How Gen Y Spending Habits Changing The World

People born in the 80’s and 90’s are dubbed ‘Generation Y’ or, more popularly, ‘Millennials’. This generation is changing the world economy, one step at a time, as we see it today.

Millennials, having overtaken the generation of baby boomers in terms of size is set out to be the biggest trendsetters of our world today.

Growing up during the last economic recession, the spending habits of Millennials are making ripples in the economy. However, while some of their spending habits may not necessarily lend themselves to future financial security, the financial track record of this generation is not all bad.

‘Real’ Advertising

Ever since Millennials have entered the spending market, patterns of advertising has changed rapidly.

Millennials do not like having advertisements shoved in their face. Growing up during the era of commercialized shorts before watching a video or having pop up ads appear when making a purchase, Millennials are sick of these intrusive ads. They do not want advertising to appear when they do not want it. If they feel the advertising lacks authenticity, it may lead them to draw back from trusting a company or a site.

Instead, Millennials prefer campaigns and non-traditional advertising that incorporates users as part of the advertising campaigns. This pattern can be seen in contest and marketing campaigns that go viral in order to get users behind the company or cause. Many Millennials agree that this experience is much more personal and inclusive.

Millennials also prefer to connect to advertising campaigns via social media. With their emphasis on authenticity, they prefer blogs that connect with people.


When the last economic recession hit the world, Millennials were one of the groups that were heavily hit by the blow. One of the biggest challenges they faced was surviving in the property market that crashed in the past few years.

Surging property prices have made the option to rent far more attractive compared to buying a house for Millennials. According to the Head of World Research for Savill, Yolande Barnes, there is a new trend emerging in Malaysia, where most millennials are opting for alternative townships located on the outskirt of large city due to expensive nature of property.

Moreover, based on a survey by RealtyMogul, it has become a trend among Millennials to delay marriage, as most prefer to get married in their late 20’s and early 30’s. This, in turn, affects their preferences where homeownership is concerned, since they do not have a reason to buy a house as they are not expecting family.

Millennials are also more likely to spend money on travel. Based on their passion for travelling, renting a house makes more sense for Millennials compared to actually buying one.

Dining Out

Unlike the generations before them, most Millennials are no longer opting for home-cooked meals because this generation believes in dining out, and they spend a lot on restaurants and cafés. Millennials also tend to spend more on specialized food and prefer organic materials in their food. For example, based on research by Bernstein Research analysts in 2017, there was a USD 140 billion surge in the US Food and Beverage industry, and their top consumers were Millennials and Generation Z.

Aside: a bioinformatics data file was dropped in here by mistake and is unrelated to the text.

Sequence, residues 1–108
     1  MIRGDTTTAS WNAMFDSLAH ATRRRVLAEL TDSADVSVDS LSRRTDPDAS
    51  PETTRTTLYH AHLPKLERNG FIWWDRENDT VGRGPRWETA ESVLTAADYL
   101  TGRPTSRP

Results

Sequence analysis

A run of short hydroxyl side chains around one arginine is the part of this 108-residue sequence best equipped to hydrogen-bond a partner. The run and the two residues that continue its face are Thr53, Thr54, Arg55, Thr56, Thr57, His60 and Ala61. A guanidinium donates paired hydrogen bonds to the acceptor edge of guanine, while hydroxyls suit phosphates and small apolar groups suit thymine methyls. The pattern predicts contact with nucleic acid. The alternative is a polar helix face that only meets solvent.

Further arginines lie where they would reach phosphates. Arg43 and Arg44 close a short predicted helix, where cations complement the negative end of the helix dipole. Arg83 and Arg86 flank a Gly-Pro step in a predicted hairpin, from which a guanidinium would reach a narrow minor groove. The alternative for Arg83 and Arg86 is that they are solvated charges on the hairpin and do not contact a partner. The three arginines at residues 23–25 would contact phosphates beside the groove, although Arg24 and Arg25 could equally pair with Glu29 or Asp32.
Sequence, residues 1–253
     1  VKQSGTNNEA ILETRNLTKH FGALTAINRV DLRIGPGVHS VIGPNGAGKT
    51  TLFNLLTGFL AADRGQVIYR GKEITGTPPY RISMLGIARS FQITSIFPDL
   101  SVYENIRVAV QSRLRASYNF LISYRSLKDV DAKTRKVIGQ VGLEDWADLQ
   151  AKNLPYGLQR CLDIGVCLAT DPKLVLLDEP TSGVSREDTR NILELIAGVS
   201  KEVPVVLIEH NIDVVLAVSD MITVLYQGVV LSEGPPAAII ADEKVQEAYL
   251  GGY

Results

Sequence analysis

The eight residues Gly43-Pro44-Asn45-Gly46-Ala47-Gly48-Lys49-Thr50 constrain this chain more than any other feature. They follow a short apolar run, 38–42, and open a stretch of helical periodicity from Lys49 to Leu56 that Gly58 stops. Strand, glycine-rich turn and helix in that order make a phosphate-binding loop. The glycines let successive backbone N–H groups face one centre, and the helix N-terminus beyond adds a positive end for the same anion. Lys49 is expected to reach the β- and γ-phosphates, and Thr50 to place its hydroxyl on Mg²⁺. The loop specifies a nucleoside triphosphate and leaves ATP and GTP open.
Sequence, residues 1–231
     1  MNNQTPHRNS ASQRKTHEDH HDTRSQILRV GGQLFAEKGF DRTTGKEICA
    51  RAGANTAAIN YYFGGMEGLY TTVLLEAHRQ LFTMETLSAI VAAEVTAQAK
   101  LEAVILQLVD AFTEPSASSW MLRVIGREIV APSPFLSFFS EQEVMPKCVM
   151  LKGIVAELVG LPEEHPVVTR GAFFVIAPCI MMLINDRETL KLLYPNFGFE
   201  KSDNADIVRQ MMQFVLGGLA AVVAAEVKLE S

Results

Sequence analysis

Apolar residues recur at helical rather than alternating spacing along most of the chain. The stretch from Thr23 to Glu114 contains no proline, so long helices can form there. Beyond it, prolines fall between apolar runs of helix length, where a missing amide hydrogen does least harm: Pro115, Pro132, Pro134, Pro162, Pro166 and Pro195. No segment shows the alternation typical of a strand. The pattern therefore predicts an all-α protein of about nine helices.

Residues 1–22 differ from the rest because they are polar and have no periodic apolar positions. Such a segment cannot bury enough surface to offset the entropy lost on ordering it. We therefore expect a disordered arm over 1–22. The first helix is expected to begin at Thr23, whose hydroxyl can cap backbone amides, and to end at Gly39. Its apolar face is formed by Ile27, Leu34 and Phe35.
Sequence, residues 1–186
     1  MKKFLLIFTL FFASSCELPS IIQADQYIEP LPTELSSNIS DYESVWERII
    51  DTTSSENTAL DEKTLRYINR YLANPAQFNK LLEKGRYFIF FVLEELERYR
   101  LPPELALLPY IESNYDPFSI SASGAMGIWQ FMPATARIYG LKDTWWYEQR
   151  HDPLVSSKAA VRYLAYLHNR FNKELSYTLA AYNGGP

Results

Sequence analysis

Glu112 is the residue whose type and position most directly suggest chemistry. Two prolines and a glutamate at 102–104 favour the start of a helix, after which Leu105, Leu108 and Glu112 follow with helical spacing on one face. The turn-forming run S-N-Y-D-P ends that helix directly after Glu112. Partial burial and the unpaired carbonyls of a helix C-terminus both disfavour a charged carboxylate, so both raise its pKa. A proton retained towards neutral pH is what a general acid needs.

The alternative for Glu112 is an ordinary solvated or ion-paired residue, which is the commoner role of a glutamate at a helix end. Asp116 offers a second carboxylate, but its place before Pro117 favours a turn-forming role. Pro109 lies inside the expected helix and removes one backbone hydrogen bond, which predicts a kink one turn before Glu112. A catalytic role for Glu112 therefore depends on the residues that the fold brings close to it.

Millennials are shown to spend much more on their dining-out experience and their coffee-drinking habits. Based on a survey by Charles Schwab Corporation in 2018, 60% of Millennials buy a cup of coffee that costs more than USD 4, compared to only 40% of Generation X’ers or 29% of Baby Boomers. The rapidly increasing number of cafés and coffee chains in Malaysia over the last 20 years suggests that the situation is much the same here.

Retirement and Savings

There is one aspect of the spending habits of Millennials that has since impressed experts and economists around the world: Millennials are likely to spend much more on their retirement and savings compared to previous generations. They begin to save for their retirement during 20’s. This is definitely a new and fresh trend that most Millennials have already started following.

It is more likely that 30% of Millennials have a financial plan. In addition to that, Millennials, in fact, did set up a financial plan with the help of a financial advisor and tend to update it every year, as reported by Charles Schwab.

In fact, in Malaysia, 64% of the millennial generation are saving from their earnings (quoted from, “Are Malaysians Between 25 – 35 Years Old Financially Screwed?”). This indicates that young generation are aware the importance of saving money for their future.

The Takeaway

The takeaway from this is that, despite their shortfalls when it comes to spending, Millennials apparently know how to spend their money and what to spend it on. Their spending habits reflect that they prioritise on what they see as best for them and their well-being.

The spending habits of Millennials must be viewed bearing in mind outside factors such as rising student loan debt, lower salaries and even the ‘gig economy’, which centres on temporary positions and short-term contracts. These factors, alongside the spending habits of Millennials, definitely play a role in the financial stability of this infamous generation.

Image credit: Freepik

Tinggalkan Balasan

Alamat e-mel anda tidak akan disiarkan. Medan diperlukan ditanda dengan *